Saturday, September 6, 2008

Smelling Your Roses in December

When I was a missionary in the Language Training Center S. Dilworth Young, a member of the First Council of Seventy came to address us at a devotional. Even though he was an older dude I thought his stories were very applicable to us even at the time. He told us a story about his life about how when he was a young man he was a soldier in France during World War I. He said many times when he went to the temple in his life this experience would flash through his mind. He felt he had failed a fellow Latter-day Saint by his silence.

One day he said he was on leave walking down the street in a French town. He said he was observing his fellow soldiers as they would interact with the French people. He said he saw a man that was a fellow Saint coming down the side on the other side of the street. For some unexplanable reason Dill stood in a doorway just watching the man. As the man came up to a group of women, one of the women spoke the universal language to the man. The man turned and went inside with her. He felt a sense of guilt that he just stood there and did nothing. He said he always regretted that he never opened his mouth. He cautioned us as missionaries to look out for our companions so that we would never live to have the regrets that he felt that he didn't motion or speak to his buddy.

I have been thinking about this topic this week. On my own mission I think of the many times other elders would tell me to just keep out of something that wasn't my business. I remember one elder who would buy himself a television set and watch TV and read the newspapers. Other elders would tell me I should just enjoy it since the mission president would eventually confiscate it. The elder did get the TV confiscated and went out and bought a second one. Missionaries said we shouldn't squeal each other out.

Even though something might seem harmless on the surface it might have possible ramifications that could affect a missionaries very salvation. In a few places in the church over the years I have heard of elders who left the church because of doctrinal differences.

I have always erred on the side of caution. When S. Dilworth Young spoke to me he told me there wasn't anywhere my companion should go or do that I wasn't with him. I felt an obligation as a missionary even to understand my companions and their doctrinal understanding. The whole reason I was on a mission was to share the gospel. A few times I wasn't overly confident my companions were always teaching the LDS position.

I was glad to have a mission president who understood that young missionaries testimonies and knowledge could be limited. Instead of condemning us he would encourage us to read the scriptures particularly the New Testament and the Book of Mormon which he felt was another testament of Jesus Christ. He encouraged us to read Jesus the Christ. He had discussions and answered questions in all zone meetings and a couple of mission-wide firesides. My generation read and questioned the gospel. Questioning the gospel helped us to draw closer to Christ.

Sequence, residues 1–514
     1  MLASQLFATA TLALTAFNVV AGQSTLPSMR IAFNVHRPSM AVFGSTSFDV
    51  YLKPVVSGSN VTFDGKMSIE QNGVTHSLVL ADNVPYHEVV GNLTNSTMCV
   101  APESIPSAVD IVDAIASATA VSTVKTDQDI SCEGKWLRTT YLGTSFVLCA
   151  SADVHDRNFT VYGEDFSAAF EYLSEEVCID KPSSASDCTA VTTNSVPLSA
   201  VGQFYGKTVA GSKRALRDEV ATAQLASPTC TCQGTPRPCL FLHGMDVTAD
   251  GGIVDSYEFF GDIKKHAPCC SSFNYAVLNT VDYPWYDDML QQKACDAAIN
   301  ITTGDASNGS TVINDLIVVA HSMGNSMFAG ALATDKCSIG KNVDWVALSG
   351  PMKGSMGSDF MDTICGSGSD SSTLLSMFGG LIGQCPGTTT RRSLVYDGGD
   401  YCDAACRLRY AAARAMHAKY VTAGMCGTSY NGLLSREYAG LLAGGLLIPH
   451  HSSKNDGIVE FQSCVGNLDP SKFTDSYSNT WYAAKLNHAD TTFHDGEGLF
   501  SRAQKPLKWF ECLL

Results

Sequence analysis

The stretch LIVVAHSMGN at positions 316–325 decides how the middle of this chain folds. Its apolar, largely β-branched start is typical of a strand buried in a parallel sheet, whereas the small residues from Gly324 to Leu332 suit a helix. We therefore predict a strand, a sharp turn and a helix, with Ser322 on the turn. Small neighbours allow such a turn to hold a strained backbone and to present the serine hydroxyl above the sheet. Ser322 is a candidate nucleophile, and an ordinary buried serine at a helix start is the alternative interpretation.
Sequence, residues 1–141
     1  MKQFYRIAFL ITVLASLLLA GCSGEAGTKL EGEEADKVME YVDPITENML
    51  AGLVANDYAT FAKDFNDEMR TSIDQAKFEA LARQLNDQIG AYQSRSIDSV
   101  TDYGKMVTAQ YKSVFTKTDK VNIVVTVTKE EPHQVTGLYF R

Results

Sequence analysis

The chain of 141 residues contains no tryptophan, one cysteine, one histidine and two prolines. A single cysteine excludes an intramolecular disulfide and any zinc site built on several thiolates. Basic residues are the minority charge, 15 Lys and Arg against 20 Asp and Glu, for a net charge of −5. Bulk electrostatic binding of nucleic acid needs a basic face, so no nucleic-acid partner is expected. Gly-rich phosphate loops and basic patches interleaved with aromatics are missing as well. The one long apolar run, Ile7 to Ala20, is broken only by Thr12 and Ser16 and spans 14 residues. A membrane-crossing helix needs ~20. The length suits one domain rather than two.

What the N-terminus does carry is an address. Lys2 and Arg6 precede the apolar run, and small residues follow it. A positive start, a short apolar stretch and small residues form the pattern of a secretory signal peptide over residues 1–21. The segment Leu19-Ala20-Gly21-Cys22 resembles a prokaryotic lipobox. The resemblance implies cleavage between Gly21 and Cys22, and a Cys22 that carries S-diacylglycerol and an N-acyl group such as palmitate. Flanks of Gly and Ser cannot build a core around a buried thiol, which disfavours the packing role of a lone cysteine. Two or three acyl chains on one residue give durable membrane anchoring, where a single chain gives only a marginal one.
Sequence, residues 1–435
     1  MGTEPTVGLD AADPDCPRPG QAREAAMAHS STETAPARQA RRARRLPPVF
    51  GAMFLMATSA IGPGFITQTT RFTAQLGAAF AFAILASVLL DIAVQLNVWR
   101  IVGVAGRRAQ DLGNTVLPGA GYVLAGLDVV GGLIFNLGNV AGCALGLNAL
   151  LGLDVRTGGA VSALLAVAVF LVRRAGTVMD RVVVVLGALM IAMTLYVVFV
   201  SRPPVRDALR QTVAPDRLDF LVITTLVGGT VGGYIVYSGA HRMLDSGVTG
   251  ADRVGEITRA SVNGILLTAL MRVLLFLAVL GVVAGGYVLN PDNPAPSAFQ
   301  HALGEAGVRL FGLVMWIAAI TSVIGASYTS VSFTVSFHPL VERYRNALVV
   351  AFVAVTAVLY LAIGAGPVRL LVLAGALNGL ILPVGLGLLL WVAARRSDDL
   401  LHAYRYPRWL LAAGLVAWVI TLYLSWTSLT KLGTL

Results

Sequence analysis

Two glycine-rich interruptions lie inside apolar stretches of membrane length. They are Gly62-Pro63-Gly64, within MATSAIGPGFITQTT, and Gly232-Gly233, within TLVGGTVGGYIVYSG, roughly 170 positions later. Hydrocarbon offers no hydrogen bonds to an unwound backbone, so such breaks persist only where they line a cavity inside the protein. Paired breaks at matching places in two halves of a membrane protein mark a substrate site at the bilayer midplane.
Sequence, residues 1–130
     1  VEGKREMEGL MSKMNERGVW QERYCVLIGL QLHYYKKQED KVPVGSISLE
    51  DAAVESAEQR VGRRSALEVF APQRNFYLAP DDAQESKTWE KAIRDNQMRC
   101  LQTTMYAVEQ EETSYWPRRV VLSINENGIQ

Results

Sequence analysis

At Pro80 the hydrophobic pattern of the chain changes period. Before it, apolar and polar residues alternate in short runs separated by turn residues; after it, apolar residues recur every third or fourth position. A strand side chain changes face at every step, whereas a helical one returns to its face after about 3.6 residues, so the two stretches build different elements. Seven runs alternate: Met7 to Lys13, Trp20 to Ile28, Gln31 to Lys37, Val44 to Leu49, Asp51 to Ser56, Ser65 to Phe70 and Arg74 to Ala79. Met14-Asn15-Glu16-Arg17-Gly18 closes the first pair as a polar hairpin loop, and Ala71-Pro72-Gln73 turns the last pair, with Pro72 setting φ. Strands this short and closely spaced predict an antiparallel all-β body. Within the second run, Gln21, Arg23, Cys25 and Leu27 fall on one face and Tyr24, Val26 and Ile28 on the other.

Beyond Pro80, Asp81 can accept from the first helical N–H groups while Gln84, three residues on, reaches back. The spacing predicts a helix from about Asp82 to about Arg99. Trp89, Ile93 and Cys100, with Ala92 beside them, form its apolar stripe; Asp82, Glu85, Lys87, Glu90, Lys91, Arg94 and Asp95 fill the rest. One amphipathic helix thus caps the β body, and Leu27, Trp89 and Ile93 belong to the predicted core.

We did not feel that letting our president know one of us was struggling was a loss of faith or a betrayal of a companions confidence. The culture and climate in our mission was that we were there for each other. That is why thirty years later we still we travel hundreds of miles to ask questions of our mission president who is now an apostle.

I never liked the attitude that you can always get forgiveness rather than permission. I was never afraid to pick up the phone and say President my companion is goofing off with some girl making out with her or I don't agree with you said about me or Elder So and So. He would do whatever it took to look out for us. I have always felt there was a little truth to the humorous LDS joke that "Good thing the church is true or the missionaries would have destroyed it along time ago." For the most part most missionaries were valiant and devoted ministers of the gospel but the truth was we were also nineteen, twenty, and twenty-one years olds who had much to learn.

I have always lived my life in such a way that I have been honest maybe at times too brutally. I don't which is worse to say nothing or to say what you think is right. In view of what S. Dilworth Young said I have usually come down on the latter. I think missionaries need to realize that there are times when they must speak out and stand for what they think is right. There will always be those who disagree. S. Dilworth Young said we are our brothers keepers and we need to open our mouths when we see they might be drifting off the path of righteousness so we can look back in our lives and not live with the regret that had we said something we might have saved a brother or sister on the way. Even though many things are interpretation missionaries are entrusted to a mission president who must be a shepherd to his flock.

3 comments:

down under said...

re the title - in the Southern Hemisphere, roses are in full bloom in December lol

Mose said...

I enjoyed this, and I'll pray about your legal dealings.

Brian Barker said...

I think we should have a universal spoken language as well!

If you have time see this interesting video.

http://video.google.com/videoplay?docid=-8837438938991452670